Signaling pathways of mechanotransduction in arteriolar endothelium and smooth muscle cells in hypertension

Koller, Ákos (2002) Signaling pathways of mechanotransduction in arteriolar endothelium and smooth muscle cells in hypertension. MICROCIRCULATION, 9 (4). pp. 277-294. ISSN 1073-9688

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Hypertension; a disease with a high incidence in the population affects all parts of tale cardiovascular system. Studying the alteration of vasomotor responses of microvessels of hypertensive animals or responses of vessels following short-term increases in hemodynamic forces helps us to better understand the underlying cellular signaling events responsible for their functional adaptation. These adaptations are; likely to precede the structural remodeling of arterioles, resulting in irreversible increases in peripheral vascular resistance in hypertension. Although malfunction of several mechanisms can lead to the development: of hypertension, hemodynamic forces (such as pressure and shear stress) are increased in all forms of hypertension. Thus, local mechanisms that tells the level of these forces and transduce the signals into vasomotor responses must be affected in all forms of hypertension. The endothelium has a central role in the early functional adaptations. Pressure-induced myogenic constriction is enhanced clue to the augmented release of endothermal-derived constrictor factors that modulate arteriolar smooth muscle sensitivity to Ca2+. In contrast, flow/shear stress-induced dilation of arterioles is reduced in hypertension due to the impaired mediation of the response by nitric oxide (NO). The magnitude of impairment is gender specific, primarily due to an estrogen-dependent enhancement of INTO release in females. It is proposed that: the elevated hemodynamic forces present in hypertension may themselves initiate these alterations, probably by enhancing the release of reactive oxygen species (ROS; produced by xanthine oxidase. NAD(P)H oxidoreductase, eNOS, etc.), which them interfere with tire synthesis and/or action of endothelium-derived mediators. Interfering early on with tales mechanisms may prevent the development of irreversible structural chances of the Microcirculation observed in hypertension.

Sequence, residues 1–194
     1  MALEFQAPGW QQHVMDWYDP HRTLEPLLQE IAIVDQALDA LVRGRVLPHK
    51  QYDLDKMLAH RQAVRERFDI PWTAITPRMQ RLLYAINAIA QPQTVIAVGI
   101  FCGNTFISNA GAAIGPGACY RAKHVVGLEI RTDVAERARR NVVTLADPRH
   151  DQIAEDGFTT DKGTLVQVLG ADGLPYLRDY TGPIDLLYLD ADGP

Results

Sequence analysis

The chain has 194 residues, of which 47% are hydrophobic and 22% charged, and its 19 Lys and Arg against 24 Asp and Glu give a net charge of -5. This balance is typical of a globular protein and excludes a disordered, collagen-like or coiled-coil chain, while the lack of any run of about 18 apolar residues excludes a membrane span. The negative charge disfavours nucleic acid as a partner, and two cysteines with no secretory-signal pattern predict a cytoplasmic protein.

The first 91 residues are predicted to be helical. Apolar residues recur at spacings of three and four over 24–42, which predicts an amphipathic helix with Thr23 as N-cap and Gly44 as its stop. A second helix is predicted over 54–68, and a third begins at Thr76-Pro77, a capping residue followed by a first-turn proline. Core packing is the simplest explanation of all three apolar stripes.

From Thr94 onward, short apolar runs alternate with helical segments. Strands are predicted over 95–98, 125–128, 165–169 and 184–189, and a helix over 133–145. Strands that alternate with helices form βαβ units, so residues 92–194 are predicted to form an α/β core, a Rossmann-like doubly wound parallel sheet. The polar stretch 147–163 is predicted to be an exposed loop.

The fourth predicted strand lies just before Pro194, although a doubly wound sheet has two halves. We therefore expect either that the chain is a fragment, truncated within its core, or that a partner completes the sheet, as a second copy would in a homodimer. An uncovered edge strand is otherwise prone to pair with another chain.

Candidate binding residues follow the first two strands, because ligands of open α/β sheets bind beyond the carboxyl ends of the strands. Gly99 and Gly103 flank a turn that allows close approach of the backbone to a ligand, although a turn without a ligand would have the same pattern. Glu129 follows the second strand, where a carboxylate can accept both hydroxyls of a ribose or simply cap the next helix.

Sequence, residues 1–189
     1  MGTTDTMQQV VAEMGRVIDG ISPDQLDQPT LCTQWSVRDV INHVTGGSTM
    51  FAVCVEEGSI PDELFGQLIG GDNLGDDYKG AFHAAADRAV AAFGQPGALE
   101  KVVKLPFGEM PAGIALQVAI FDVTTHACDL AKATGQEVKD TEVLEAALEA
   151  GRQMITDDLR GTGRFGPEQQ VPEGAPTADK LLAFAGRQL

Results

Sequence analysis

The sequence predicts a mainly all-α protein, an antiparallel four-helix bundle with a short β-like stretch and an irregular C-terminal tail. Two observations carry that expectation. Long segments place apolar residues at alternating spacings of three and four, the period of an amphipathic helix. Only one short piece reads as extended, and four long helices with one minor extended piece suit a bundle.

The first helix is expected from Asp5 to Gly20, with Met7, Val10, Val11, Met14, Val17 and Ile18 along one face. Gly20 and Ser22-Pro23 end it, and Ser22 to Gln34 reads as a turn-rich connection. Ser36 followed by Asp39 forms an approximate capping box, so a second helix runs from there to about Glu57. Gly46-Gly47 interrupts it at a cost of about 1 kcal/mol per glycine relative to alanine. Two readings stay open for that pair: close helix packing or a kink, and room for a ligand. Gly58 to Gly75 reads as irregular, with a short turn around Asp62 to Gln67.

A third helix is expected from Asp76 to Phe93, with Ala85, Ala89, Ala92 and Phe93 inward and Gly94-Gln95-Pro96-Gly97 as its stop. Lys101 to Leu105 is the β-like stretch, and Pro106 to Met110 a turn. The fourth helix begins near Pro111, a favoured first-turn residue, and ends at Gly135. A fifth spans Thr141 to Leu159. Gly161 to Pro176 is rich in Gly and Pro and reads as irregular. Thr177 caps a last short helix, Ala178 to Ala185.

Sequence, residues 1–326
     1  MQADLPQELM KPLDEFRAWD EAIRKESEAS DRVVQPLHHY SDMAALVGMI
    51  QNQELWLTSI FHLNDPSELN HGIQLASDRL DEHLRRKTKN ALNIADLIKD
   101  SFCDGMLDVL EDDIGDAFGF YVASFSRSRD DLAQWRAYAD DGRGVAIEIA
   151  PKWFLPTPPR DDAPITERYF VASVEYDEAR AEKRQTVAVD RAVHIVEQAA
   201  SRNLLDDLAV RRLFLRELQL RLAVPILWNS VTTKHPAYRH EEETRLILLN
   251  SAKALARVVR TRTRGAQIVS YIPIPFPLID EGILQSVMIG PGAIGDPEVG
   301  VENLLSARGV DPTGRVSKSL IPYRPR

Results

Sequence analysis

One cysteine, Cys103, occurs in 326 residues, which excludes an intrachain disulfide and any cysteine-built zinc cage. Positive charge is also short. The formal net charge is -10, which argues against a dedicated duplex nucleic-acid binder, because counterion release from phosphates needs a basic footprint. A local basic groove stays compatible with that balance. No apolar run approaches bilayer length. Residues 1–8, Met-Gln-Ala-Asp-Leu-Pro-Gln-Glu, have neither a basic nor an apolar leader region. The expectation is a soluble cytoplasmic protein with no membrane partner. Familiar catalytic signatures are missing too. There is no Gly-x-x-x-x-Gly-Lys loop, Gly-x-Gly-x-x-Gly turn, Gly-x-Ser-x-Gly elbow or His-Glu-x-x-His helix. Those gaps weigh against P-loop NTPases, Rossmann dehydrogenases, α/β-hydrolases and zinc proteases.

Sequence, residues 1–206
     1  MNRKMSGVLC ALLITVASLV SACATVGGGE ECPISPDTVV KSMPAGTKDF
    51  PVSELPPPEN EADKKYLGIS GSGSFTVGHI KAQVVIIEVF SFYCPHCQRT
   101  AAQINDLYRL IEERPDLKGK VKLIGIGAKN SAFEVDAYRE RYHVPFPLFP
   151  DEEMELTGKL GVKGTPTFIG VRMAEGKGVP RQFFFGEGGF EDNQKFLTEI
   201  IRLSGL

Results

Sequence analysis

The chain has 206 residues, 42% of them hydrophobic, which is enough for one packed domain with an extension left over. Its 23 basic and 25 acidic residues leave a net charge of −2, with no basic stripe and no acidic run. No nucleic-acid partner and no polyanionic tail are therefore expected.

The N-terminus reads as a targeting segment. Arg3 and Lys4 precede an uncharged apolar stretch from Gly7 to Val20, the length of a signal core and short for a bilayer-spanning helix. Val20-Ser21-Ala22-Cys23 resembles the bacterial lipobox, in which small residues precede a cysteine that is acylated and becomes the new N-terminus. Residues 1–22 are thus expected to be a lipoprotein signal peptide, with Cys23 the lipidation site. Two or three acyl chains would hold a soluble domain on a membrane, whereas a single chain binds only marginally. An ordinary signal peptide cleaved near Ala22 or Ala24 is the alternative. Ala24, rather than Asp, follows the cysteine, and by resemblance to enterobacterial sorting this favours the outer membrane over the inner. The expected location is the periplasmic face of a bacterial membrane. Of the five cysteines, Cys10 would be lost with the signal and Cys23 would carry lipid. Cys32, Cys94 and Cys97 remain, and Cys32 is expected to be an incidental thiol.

Item Type: Article
Subjects: R Medicine / orvostudomány > RC Internal medicine / belgyógyászat
Depositing User: MTMT SWORD
Date Deposited: 07 Apr 2014 11:11
Last Modified: 07 Apr 2014 11:11

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